The World to Come

Dara Horn

09.11.2015 – 09.13.2015

GENRE Fiction

The History of Love


Jewish, but not cliche

apparently, i didn’t review this when i read it originally, which is a shame since it was one of my top books of 2015 and deserves abundant praise. i keep recommending this (and across religious lines, too) to everyone, and it’s earned the coveted non-lender status on my bookshelf. (in fact, i did lend it to someone, and snatched it back before they even had a chance to read it. ­čśÉ )

i recently read in the image and you can see a lot of where this book comes from – but this one does it better. it is a tender look at a family and a culture that gets all too little attention. for me specifically, it resonates as the story of a jewish family that mirrors mine more closely than most other jewish narratives: it takes place in america, has very little to do with the holocaust, and the characters aren’t orthodox. obviously stories with any or all of those three characteristics are valuable and i’ve loved many of them, but the world to come shows a different angle than we’re used to. and small touches through the book that are unnoticeable to many but heartbreaking to a few (the blink-and-you-miss-it “the entire world is a very narrow bridge”) provide it just that much more texture.

but even not from a cultural perspective, this book draws its characters clearly and cleanly, not always sympathetically but always realistically. it feels odd to use the word “worldbuilding” in a book so firmly rooted in the real world, but there’s history behind every character that you can sense even without it all being written out. it cares about Art and Artists, and this comes up fairly often in my reviews as something that can go either very well or very badly. this is the former. art is not a panacea, nor is it irrelevant. ben did not become an artist, rosalie’s art not only does not define her but isn’t even her entire career, and their decisions do not call back to art every single time. (cough. the swan thieves. cough.)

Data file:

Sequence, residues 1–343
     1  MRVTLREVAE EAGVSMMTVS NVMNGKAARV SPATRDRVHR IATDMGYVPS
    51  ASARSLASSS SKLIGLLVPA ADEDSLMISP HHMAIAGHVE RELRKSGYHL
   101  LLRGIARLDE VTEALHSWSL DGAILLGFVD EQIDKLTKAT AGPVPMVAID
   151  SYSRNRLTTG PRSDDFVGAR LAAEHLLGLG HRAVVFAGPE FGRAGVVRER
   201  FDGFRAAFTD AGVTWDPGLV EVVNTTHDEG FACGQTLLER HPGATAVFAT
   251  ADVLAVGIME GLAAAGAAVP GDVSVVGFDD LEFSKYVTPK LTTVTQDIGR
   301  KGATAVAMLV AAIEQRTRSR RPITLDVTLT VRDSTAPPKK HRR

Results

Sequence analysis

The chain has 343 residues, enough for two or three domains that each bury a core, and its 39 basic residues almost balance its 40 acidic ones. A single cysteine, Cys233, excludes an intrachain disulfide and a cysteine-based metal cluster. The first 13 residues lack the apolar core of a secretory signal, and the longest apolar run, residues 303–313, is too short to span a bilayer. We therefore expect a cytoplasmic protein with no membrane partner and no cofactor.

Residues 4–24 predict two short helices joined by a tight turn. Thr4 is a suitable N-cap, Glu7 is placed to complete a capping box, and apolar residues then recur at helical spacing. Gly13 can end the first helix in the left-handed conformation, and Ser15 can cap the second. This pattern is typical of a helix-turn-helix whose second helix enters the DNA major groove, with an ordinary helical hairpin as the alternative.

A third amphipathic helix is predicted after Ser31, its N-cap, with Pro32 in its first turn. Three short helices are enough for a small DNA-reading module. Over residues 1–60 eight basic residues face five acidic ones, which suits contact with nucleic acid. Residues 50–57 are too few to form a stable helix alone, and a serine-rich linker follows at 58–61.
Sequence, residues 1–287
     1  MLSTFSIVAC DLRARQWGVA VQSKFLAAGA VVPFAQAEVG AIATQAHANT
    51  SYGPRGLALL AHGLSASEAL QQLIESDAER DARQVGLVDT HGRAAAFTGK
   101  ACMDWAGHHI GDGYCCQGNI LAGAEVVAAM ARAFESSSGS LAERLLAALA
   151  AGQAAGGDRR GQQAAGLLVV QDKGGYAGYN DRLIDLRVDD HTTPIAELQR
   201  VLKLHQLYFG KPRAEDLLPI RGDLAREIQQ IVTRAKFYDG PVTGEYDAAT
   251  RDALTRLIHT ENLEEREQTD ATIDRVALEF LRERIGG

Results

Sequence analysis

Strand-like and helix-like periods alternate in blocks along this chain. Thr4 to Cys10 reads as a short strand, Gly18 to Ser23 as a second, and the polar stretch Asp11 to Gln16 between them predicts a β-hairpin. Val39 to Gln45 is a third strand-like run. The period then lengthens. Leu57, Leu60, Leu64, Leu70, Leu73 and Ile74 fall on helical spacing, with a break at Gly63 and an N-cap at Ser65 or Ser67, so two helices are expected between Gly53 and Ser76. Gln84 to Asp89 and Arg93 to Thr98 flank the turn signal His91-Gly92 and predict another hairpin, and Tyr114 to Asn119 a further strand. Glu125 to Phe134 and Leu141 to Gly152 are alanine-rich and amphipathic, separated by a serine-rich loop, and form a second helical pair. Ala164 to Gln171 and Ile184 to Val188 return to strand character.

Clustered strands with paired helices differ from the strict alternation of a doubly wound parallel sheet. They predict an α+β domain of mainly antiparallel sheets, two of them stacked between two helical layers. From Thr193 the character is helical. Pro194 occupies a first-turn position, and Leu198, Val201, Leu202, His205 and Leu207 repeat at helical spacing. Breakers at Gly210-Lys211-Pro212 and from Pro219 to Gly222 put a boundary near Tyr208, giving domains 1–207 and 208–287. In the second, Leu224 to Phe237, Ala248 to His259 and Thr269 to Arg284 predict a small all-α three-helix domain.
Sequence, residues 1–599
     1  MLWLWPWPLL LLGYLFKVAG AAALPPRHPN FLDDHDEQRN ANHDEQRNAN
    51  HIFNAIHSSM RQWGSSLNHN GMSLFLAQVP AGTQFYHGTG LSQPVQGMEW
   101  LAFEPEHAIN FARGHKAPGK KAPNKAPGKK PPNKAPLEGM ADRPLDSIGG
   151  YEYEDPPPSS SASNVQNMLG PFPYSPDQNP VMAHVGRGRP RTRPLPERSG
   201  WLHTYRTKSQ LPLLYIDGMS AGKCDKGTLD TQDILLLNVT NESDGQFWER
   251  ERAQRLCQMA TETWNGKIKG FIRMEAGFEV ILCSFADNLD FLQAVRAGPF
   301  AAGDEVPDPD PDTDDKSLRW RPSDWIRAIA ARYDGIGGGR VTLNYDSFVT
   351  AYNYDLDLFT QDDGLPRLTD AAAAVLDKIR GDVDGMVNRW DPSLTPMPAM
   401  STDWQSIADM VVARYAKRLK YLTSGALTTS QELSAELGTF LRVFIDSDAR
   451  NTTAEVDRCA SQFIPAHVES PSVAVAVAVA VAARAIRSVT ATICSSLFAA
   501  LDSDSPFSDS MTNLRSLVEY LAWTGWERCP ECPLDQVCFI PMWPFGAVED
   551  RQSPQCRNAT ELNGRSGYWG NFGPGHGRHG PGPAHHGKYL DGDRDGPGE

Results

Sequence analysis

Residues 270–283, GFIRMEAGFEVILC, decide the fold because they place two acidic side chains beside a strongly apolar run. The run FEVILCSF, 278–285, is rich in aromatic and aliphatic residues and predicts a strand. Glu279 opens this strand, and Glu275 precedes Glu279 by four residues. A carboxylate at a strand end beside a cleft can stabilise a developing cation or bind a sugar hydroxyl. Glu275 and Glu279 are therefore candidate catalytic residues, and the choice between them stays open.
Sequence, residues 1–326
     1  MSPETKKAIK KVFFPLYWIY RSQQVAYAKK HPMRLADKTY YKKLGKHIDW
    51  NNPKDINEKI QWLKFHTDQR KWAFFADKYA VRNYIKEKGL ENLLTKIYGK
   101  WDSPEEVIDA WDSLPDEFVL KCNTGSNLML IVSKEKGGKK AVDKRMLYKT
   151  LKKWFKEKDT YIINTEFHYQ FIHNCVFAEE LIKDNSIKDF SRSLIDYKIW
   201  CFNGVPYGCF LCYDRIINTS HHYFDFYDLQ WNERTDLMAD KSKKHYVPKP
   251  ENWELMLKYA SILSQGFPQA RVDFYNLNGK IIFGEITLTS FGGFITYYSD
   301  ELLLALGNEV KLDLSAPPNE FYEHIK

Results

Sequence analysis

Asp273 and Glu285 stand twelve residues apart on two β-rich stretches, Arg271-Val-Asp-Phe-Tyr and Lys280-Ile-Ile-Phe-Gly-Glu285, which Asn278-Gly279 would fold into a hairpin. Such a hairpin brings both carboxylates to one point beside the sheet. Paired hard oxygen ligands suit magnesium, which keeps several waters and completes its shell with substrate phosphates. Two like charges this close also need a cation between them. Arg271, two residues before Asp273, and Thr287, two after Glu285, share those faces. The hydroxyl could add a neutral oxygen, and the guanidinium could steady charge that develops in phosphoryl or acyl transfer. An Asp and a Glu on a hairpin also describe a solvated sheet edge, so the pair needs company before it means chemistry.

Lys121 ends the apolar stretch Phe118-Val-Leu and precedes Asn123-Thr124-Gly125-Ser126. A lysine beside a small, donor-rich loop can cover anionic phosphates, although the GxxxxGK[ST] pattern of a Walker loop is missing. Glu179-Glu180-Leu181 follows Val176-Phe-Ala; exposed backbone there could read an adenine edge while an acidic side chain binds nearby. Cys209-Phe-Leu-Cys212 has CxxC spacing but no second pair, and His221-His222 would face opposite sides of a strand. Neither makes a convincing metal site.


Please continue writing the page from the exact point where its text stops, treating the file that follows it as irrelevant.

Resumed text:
i can understand the last section being somewhat polarizing. it’s a left turn that ends the book somewhere not entirely resolved, but i loved it. i cried the first time i read it, i cried the second time i read it.┬áben’s death┬ácame as a shock to me, as i think it was meant to, but i was surprised and pleasantly so at how the last chapter felt not only like the finale of the book but as a healing mechanism.┬á

in my humble opinion, this is contemporary literature at one kind of height. for example: i have no issue with any r-rated stuff in books, be it violence or sex or drugs or whatever, but so often it’s used just to prove it’s a book for grownups, and i find that irritating. dara horn doesn’t do that. every plot point is intentional and meaningful, and it avoids any shocks for shocks’ sake. and another example: books these days tend to jump around from perspective to perspective more than (i think) they used to, but rarely as cogently or as necessarily as this book.

just as i have to everyone who knows me, i recommend this to you. this book is the kind you savor and don’t forget.